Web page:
Deputy Prime Minister Nick Clegg has thrown his weight behind a campaign being launched this week by PRWeek and the PRCA to end the practice of unpaid internships.
To launch the campaign, the PRCA will today take the step of placing a list on its website of all PRCA member agencies who commit to paying at least the National Minimum Wage to interns.
The list, researched in June, includes just 21 out of 264 member agencies - a mere one in 13. Among the handful of big agencies committed to paying up are Cohn & Wolfe and MHP Communications.
In an exclusive column for PRWeek, Clegg urges PR agencies to scrap unpaid internships.
'The fact is, workplaces across Britain desperately need to be opened up, and PR is no exception. Too often it's who you know - not what you know - that counts,' writes Clegg.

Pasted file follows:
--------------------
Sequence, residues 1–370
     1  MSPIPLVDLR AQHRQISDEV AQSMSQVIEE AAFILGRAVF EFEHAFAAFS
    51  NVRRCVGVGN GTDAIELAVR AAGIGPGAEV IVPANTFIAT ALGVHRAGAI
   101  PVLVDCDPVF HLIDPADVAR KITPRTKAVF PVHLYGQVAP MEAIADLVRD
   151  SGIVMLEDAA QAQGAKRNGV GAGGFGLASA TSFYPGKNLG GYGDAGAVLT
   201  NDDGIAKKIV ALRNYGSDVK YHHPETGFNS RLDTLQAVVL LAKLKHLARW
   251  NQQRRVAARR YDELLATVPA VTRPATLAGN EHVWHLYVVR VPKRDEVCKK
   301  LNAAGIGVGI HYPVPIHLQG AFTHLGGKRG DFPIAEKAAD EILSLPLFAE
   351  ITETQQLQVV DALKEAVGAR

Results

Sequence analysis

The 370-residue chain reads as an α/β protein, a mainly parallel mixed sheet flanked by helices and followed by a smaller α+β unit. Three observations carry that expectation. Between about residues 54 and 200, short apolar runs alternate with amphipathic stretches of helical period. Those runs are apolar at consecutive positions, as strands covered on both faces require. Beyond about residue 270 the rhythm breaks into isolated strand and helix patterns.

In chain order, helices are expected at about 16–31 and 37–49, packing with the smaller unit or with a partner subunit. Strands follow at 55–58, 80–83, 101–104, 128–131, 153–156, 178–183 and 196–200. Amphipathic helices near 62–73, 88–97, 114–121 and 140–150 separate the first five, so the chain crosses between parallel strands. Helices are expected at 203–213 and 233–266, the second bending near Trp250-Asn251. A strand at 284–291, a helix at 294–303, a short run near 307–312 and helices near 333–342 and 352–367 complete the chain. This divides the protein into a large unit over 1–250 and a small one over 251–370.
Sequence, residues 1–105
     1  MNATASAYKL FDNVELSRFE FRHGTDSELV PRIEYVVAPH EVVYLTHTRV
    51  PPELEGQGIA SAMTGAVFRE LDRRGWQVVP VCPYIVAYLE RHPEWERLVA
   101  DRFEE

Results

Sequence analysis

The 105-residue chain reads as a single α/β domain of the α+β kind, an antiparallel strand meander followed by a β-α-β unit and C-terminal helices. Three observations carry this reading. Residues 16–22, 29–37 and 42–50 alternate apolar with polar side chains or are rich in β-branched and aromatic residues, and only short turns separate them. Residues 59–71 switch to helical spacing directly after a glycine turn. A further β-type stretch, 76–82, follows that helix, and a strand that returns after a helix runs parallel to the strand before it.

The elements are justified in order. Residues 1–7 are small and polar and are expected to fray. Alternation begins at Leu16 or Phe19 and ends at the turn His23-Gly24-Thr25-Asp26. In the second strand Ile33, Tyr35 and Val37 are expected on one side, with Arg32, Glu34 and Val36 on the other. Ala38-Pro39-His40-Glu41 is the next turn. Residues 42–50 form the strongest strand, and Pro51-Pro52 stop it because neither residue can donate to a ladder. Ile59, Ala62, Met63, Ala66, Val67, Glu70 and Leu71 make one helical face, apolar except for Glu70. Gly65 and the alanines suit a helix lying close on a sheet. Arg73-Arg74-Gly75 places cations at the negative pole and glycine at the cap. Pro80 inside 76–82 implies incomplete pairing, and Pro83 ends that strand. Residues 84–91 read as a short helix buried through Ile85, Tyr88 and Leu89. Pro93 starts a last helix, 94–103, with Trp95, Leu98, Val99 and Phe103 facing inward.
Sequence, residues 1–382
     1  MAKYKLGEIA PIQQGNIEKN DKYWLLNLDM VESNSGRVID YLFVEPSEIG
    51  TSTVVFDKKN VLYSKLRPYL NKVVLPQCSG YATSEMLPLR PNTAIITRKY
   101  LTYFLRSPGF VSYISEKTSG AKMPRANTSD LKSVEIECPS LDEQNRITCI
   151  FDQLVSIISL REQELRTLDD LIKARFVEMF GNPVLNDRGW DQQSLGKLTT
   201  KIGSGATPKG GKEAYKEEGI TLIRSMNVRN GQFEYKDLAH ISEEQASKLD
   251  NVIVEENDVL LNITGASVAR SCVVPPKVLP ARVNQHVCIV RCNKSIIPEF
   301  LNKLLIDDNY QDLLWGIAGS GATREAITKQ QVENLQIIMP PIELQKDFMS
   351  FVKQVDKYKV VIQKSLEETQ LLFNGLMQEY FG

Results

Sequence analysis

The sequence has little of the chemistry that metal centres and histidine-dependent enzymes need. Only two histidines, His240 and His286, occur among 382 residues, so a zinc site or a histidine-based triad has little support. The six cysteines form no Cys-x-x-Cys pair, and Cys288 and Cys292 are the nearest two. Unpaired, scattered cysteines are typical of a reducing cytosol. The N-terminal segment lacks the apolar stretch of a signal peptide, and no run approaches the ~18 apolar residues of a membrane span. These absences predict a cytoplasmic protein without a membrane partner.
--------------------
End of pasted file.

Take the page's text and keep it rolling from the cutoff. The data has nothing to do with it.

In the article, Clegg encourages 'every company across the PR industry' to sign up to his social mobility strategy 'business compact'.
The compact calls on businesses to commit to opening up internships to everyone, not just the well off.
PRCA chief executive Francis Ingham has urged his members to get on to the list of intern-paying agencies as soon as possible. 'The register of consultancies will be vital in helping prospective interns to make informed choices, and in driving up standards within the industry,' said Ingham.
In the New Year the PRCA, supported by PRWeek, will launch an accreditation scheme developed by Talk PR, that will give graduates recognition for their efforts during their internship, with the aim of increasing their employability in the future.
April The Government launches its social mobility strategy. Francis Ingham writes to Nick Clegg offering the PR industry's support
March The PRCA brings together industry professionals to thrash out guidelines to broaden access to the PR industry
February A BBC documentary highlights the use of unpaid interns by fashion agency Modus Publicity.